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I got the XLR-Pro for my VX's. I like it 2 xlr ports and 2 mini ports, plus a ground switch. Noise on one, switch to the other.
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Old April 9th, 2003, 05:48 PM   #52
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Gassers here in the city (SF) has the beachtek for $210 ($227.85 w/tax) Is this a good deal? Mike, can I pickup a prefabricated XLR adaptor at Radio Shack or Zakits in Vallejo? I'm not bad with an iron but would rather get one I can complain about if it doesn't work :) Also, if I'm trying to connect my mono mic to the VX2000 I will have problems, so if I use an adaptor will I still get problems especailly hiss from the voltage or phantom power? Wouldn't the beachtek or similar device filter out the voltage and hiss?
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Old April 9th, 2003, 05:53 PM   #53
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Radio Shack has only adapter cables to my knowledge. Sometimes those work very well. Zakits does not have one as far as I know.

Any of the transformer-coupled XLR adapters will, by their very nature, block DC voltage.

The best way to connect a mono microphone to a stereo input is to replace the mono output connector with a stereo plug that matches the input socket of the camera. You can connect the signal to just one side or both sides of the input.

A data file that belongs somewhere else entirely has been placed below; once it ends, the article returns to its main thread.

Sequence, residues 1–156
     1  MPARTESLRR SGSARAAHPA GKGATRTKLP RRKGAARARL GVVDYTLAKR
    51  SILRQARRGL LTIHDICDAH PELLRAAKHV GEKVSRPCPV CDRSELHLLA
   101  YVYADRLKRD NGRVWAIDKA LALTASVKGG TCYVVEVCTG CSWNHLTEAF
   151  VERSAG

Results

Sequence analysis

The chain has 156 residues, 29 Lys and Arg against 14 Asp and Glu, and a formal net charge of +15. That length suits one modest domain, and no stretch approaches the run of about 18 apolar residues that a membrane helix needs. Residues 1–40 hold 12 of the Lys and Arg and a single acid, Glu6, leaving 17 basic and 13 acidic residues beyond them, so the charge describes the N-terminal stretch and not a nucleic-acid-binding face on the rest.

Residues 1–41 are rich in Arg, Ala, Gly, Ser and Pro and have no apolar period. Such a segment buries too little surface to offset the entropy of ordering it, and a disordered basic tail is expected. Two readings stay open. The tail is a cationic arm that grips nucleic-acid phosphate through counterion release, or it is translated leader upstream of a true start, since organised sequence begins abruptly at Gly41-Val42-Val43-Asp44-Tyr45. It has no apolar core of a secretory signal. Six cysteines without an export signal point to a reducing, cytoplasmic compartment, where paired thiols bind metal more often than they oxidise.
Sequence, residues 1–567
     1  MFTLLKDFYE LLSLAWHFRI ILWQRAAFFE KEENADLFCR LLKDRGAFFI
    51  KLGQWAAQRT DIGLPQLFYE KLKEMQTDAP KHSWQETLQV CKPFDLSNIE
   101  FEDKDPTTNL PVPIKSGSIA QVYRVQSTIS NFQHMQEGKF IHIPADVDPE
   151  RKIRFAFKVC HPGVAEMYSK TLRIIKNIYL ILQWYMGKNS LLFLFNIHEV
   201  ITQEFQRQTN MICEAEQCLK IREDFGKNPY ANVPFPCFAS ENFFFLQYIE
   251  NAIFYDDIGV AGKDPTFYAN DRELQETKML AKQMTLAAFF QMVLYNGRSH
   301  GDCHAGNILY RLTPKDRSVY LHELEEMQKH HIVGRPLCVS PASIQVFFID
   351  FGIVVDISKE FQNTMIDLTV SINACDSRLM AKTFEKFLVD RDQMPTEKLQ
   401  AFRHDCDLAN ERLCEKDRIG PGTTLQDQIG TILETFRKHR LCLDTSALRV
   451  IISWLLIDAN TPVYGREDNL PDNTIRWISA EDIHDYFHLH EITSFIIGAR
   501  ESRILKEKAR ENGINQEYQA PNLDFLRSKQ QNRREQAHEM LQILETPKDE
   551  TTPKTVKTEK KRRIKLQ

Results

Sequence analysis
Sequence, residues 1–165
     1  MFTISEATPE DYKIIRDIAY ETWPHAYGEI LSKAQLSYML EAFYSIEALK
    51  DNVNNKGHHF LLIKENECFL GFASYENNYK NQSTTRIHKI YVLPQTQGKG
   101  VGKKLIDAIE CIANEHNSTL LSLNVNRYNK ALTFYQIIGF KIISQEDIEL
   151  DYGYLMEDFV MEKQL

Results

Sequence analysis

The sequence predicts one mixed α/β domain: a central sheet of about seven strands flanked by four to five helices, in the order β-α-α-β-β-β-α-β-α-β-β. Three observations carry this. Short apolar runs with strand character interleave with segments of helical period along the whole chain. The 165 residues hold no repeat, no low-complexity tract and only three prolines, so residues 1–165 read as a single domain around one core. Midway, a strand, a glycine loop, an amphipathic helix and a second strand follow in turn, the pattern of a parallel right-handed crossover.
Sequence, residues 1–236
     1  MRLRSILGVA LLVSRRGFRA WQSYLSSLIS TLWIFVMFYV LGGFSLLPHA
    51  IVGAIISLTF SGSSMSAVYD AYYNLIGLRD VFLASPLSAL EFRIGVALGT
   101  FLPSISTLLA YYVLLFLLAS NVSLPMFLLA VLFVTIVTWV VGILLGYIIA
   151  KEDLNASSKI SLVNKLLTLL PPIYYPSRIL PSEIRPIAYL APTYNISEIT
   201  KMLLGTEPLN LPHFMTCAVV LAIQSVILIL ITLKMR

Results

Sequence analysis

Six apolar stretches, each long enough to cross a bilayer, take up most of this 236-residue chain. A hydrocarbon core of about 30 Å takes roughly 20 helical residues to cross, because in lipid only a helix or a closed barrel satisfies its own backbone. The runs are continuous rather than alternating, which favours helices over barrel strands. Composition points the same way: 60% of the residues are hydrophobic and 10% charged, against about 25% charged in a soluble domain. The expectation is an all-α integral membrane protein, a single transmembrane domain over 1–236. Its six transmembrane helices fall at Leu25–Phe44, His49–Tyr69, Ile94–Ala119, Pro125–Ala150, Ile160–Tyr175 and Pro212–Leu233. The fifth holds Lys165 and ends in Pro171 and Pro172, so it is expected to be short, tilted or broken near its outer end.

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Old April 9th, 2003, 06:09 PM   #54
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Mike, you ever deal with Snader RE and Assoc. in San Rafael? Would they be the best place to get my PD150? They quoted me a price of $3295.00.
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Old April 9th, 2003, 06:58 PM   #55
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Yes, I've dealt with Snader before. I consider them to be among the reputable firms in Northern California. Unfortunately, all of them charge higher prices than do the reputable NY city firms.

I'll just mention that the camera is selling for a nickle under $3,000 from B&H in New York.

The camera kit with the Petrol case and rain jacket is going for $3,279.95 from them.

Of course you have to add shipping but that's only $20 or so. Just make certain you request that they insure the shipment.

Since ZGC sponsors this web site, I'd also give them a shot at your business. They have a good reputation. Unfortunately they don't say much about Sony on their Web site as they are Canon-centric.

After a search on this site, I'd say they are Canon only based on their posted comments. Some of the PD150 accessories they have sound very nice if expensive.
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Old April 9th, 2003, 07:09 PM   #56
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>Wouldn't the beachtek or similar device filter out the voltage and hiss?<

That's why there is the BBX VX2000 fix.
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Old April 9th, 2003, 07:16 PM   #57